RANSOM TWP. - The Ransom Township Board of Supervisors was forced to table the subdivision of the late Dorothy Richards’ 160-acre estate on Bald Mountain Road during its monthly meeting Sept. 6. The estate was left to Richards’ children after she died three years ago, and is to be divided so that each beneficiary receives a fair and equal share. Ernest D. Preate Jr., Esq., who represents the Richards’ estate, presented the plans to the board and requested they approve the subdivision. The plans have already been approved by the Ransom Township Planning Commission to be reviewed by the Lackawanna County Planning Commission. Supervisors explained that the normal procedure for a matter like this is for the county’s planning commission to review plans and send township comments before the supervisors would approve them. At the time of the meeting, the county had not yet reviewed the plans. Even if the county does not approve the plans, supervisors can still approve, but supervisors were hesitant to deter from procedure. “The county planning commission is advisory only. The final decision rests with the board,” said Township Solicitor William T. Jones, Esq. Preate said he understood the supervisors’ concern, but noted time is an issue. “We’re in a bit of a bind because…you have a year to get the estate straightened out, we’re in our third year now. So, interest and penalties are building up, and taxes, and so we really need to get this approved as quickly as we possibly can,” said Preate. Preate took over the duties of representing the estate from Richard Cohen of New Jersey, who died in April of this year. The Lackawanna County Planning Commission met Sept. 8, and the supervisors agreed to discuss the possibility of holding a special meeting after receiving comments. At the time of this paper’s publication, Sept.13, no meeting date had been set. The supervisors will meet again Oct. 3 at 7 p.m.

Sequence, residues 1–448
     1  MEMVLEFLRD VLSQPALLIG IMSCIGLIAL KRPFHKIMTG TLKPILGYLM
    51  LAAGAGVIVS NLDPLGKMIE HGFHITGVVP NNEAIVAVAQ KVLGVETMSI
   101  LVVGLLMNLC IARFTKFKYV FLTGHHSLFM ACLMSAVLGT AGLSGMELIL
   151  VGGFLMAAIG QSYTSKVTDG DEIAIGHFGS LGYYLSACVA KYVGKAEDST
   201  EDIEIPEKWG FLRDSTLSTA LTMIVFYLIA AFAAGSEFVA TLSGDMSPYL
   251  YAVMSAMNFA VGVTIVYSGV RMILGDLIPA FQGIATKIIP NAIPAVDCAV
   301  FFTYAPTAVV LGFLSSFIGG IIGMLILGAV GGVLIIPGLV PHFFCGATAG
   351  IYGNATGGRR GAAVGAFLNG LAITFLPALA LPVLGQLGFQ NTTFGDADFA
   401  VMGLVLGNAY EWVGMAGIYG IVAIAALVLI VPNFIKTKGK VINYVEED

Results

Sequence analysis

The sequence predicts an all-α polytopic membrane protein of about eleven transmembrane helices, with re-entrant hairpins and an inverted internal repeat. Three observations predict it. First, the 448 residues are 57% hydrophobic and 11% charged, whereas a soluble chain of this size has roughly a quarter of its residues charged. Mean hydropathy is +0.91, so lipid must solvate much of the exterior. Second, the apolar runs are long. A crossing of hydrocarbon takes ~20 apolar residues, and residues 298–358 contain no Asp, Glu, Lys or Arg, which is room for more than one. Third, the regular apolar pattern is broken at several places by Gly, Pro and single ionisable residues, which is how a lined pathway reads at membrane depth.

ABINGTON JOURNAL/ JOAN MEAD-MATSUI

ABINGTON JOURNAL/DANIELLE ANTONELLO-SMOLLEY

American flags and motorcycles were the theme of the 4th Annual Argonish Ride.

Memorial in motion

T

he Fourth Annual Sergeant Jan Argonish Ride, a memorial to a local hero from the National Guard who was killed four years ago in Afghanistan, departed from the Dalton Fire Company fairgrounds Sept.11at noon and returned around1:30 p.m. Talia Walsh, fiance of the late Sgt. Argonish and main organizer of the event, said the proceeds from the ride go to the Sgt. Jan-Michael Argonish Memorial Fund, which was set up through the Scranton Area Foundation to help local injured soldiers and their families. Part of the proceeds from this year’s ride will also go toward the visit of author and motivational speaker Matthew Sandford . Argonish was killed at age 26 on August 27, 2007 during an ambush in Afghanistan. His parents ABINGTON JOURNAL/DANIELLE ANTONELLO-SMOLLEY are Nancy and Michael Argonish of Peckville, and Mike McCain of Montrose, takes a coffee break as he rests on his son Jakub is now12. his bike before the start of the 4th Annual Argonish Ride.

A woman displays her patriotism while participating in Sunday’s ‘Ride For Jan.’

The 4th Annual Sergeant Jan Argonish Ride.